Google, which has dominated the European market over 90% for search engines, has a little time to radically change strategy and allay the concerns raised in the European Commission for abuse of dominant position.

The ultimatum has been raised by Joaquin Almunia, Commissioner for Competition, who wants willingness to compromise from the US giants. If Google will fail to follow the rules, the Commission will trigger a process that may lead
to a penalty of 10% of the turnover of the company, expected to be (29,700 million Euros).

Brussels opened an investigation into how Google work for a year and a half, in November 2010, at the request of three companies, including Microsoft. They have all claimed damages for the aggressive practices from Google.

Almunia believes that the complaints are unfounded and clearly identified, particularly in four areas; it was announced yesterday in Brussels.

The first is how Google presents the results of their searches, giving preference to those made by their own searching and displaying those results differently as compared to the other search engines.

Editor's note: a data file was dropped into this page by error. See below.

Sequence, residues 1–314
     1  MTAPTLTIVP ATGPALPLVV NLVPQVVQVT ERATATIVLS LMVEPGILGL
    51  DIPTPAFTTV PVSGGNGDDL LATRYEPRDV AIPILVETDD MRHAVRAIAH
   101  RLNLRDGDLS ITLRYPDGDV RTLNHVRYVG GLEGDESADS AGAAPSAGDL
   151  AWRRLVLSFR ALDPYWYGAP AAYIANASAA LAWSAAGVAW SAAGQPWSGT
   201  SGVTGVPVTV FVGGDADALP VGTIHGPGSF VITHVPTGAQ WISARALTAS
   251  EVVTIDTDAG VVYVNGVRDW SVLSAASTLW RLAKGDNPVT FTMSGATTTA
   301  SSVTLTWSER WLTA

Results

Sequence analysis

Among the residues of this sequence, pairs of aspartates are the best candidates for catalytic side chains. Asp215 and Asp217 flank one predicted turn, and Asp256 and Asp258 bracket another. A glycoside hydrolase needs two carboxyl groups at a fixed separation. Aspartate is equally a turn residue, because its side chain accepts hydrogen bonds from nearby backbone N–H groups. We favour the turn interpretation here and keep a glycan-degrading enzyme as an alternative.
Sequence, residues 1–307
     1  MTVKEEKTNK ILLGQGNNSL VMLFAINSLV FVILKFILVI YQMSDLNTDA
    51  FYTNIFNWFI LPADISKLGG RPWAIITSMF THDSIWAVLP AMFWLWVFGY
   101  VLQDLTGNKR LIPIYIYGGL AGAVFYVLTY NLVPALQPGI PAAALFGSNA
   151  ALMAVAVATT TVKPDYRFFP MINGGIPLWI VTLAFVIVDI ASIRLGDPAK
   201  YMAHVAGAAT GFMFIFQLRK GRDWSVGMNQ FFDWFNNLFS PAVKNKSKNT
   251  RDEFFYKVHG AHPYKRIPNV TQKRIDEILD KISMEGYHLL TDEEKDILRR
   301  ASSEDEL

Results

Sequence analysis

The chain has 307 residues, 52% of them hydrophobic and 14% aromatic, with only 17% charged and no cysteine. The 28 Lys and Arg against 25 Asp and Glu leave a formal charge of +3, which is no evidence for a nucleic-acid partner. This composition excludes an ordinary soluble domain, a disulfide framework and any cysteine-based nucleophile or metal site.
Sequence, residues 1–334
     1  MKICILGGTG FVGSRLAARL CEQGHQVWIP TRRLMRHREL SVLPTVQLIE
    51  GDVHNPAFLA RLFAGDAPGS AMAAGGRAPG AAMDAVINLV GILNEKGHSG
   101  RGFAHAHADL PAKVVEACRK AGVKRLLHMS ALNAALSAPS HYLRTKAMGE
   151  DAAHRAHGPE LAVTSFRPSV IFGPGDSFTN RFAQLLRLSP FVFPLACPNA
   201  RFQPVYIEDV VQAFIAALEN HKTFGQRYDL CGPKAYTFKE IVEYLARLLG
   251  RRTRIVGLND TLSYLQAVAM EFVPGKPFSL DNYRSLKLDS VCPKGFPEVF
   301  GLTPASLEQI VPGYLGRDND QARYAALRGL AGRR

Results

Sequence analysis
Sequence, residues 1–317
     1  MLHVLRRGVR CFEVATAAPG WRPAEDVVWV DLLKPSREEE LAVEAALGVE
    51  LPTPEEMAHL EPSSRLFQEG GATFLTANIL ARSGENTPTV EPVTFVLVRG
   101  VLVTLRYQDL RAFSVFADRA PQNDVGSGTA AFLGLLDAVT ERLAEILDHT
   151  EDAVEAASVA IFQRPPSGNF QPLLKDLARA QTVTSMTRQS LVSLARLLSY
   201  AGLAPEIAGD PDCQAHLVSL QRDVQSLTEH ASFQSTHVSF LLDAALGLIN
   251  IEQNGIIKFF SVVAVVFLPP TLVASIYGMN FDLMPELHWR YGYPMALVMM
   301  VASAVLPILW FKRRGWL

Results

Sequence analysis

Almunia also believe that Google copies the contents of competition by using feedback from users and using that material in their own websites without prior authorization. Finally, the Commissioner is concerned that Google puts
restrictions on the migration of advertising campaigns from AdWords platform to competition.

Almunia revealed that he has sent a letter to Eric Schmidt, Google’s president, pointing out the four objections.

"In this letter I have offered Google to give us answers or solutions for each one of the problems within few weeks”, said the official European competition, who said he wants to avoid the formal opening of a disciplinary procedure.